Law and Literature

The turn to the aesthetic in legal scholarship can often represent a yearning to reconnect in some physical or sensible way to ideals underlying notions of justice, freedom and liberty. Law and literature scholarship explores the aesthetic dimension of law, and in doing so, traces its appeal to the imagination, to lived experience, to the senses, emotions and to our faculties of judgment. Rhetoricians have always known that law depends on this aesthetic dimension for its persuasive force. Like other forms that we more readily associate with the arts – poetry, the visual arts, music and of course literature – law is culturally embedded. Legal culture is itself simultaneously a co-producer and by-product of the arts, such that the judgments of law and the imaginings of literature (and equally the imaginings of law and the judgments of literature) speak to each other across an invisible divide.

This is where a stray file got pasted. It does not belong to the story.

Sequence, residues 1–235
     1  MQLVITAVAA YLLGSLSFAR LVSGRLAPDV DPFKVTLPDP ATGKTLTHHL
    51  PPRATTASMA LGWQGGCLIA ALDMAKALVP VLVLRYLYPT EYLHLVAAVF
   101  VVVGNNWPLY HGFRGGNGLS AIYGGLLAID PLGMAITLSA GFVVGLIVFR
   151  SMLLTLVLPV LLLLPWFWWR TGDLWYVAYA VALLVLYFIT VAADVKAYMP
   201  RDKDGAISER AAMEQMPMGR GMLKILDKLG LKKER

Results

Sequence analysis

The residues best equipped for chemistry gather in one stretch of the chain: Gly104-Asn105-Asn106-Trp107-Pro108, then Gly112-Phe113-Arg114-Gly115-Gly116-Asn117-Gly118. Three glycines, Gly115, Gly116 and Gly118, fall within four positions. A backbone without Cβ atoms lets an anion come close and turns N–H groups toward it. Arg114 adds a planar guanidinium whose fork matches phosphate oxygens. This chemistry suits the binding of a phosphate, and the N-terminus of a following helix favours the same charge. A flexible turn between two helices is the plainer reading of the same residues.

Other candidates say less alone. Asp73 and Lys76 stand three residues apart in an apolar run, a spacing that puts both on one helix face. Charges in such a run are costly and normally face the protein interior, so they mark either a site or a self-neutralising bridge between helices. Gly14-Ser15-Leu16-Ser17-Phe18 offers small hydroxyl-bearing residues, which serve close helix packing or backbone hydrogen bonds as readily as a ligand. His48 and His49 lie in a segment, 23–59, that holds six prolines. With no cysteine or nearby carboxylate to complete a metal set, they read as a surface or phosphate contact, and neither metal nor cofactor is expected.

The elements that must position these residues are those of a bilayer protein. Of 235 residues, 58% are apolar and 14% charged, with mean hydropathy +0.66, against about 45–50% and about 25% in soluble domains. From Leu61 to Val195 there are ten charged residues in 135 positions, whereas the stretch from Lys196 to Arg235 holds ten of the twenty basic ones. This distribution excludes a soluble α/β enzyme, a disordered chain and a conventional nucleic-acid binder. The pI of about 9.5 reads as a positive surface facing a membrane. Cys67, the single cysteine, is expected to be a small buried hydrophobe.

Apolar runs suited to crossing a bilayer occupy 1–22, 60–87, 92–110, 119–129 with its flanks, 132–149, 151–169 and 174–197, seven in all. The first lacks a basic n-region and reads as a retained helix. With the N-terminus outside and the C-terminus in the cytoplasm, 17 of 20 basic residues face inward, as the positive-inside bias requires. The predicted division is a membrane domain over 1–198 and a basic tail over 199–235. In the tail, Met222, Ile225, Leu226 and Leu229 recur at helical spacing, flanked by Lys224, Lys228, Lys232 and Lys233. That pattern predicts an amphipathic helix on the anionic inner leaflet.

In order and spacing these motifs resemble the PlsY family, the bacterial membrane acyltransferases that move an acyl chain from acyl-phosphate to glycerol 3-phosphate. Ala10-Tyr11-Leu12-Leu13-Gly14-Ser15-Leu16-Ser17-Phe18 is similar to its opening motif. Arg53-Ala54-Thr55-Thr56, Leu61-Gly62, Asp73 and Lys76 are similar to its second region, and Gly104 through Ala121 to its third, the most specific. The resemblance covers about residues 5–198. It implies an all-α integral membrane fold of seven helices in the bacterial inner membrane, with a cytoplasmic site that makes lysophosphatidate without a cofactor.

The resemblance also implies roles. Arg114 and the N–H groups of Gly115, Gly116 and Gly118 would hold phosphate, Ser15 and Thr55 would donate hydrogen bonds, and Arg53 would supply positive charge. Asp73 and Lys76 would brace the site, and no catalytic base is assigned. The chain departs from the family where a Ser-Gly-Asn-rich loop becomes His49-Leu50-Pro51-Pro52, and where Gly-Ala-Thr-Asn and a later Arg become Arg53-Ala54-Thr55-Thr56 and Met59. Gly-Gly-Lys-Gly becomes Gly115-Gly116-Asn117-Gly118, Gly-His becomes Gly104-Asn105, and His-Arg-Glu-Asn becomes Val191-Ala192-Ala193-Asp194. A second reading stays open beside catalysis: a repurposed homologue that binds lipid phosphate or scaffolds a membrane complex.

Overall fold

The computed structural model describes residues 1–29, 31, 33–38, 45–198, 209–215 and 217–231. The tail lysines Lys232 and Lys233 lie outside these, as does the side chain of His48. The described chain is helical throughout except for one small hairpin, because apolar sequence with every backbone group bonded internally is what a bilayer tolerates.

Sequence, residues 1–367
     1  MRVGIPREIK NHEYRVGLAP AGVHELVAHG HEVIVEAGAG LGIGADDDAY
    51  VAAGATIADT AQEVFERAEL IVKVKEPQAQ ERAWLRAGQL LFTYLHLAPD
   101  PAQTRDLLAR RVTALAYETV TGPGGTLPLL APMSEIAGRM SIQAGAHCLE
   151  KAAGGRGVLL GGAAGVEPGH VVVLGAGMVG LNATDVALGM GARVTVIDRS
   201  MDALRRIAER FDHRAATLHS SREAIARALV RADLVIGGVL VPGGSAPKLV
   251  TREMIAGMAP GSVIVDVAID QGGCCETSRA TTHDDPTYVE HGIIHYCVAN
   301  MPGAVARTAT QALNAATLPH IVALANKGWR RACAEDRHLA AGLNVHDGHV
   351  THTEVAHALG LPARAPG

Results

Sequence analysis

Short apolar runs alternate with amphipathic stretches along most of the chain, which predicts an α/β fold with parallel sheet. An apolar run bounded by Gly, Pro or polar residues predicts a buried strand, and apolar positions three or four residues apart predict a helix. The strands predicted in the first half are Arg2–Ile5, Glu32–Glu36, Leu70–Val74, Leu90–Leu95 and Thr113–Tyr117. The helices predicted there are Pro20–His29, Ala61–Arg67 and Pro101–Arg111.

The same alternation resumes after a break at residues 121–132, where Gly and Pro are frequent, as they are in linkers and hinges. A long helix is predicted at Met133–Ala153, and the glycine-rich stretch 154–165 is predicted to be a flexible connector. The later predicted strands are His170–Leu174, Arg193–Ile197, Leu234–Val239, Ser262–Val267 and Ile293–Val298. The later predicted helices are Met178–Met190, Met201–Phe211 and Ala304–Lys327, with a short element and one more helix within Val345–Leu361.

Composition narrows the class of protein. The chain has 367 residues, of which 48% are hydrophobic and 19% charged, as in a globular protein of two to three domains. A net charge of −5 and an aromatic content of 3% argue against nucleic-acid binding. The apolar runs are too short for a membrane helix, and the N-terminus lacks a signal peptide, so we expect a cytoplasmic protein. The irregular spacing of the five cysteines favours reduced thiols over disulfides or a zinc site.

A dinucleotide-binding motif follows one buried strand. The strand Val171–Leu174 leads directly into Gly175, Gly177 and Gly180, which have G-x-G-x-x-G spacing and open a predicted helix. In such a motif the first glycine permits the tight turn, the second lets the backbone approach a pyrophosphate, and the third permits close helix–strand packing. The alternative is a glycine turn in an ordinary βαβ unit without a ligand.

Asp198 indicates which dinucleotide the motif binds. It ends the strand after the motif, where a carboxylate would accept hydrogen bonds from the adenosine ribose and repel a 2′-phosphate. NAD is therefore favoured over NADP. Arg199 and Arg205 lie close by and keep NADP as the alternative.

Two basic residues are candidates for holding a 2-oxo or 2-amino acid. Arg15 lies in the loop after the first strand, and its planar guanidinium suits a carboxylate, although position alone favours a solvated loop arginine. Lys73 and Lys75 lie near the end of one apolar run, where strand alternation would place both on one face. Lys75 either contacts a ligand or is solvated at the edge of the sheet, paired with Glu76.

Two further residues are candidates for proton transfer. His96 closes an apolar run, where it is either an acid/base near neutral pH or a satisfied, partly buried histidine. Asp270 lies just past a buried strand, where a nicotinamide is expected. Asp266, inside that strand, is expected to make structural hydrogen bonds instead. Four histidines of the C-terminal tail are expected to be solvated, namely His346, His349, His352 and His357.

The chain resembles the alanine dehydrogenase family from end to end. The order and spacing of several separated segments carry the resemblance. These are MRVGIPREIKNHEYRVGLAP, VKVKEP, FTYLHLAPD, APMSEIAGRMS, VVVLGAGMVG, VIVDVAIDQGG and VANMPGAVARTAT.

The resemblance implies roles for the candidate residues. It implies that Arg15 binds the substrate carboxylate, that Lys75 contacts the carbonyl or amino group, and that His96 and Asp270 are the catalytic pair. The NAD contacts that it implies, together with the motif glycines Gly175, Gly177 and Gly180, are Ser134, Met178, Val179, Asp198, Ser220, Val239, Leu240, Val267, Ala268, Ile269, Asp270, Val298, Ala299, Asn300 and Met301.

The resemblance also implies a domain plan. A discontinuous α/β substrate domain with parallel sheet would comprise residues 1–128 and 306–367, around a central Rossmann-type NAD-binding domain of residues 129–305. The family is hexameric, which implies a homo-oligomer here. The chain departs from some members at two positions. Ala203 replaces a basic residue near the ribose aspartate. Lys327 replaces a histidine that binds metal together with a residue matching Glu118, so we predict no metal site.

Papers and performances are welcomed on any aspect of what is widely-defined as law and literature.

Conveners

Julia J A Shaw (jshaw@dmu.ac.uk) and David Gurnham (d.gurnham@soton.ac.uk)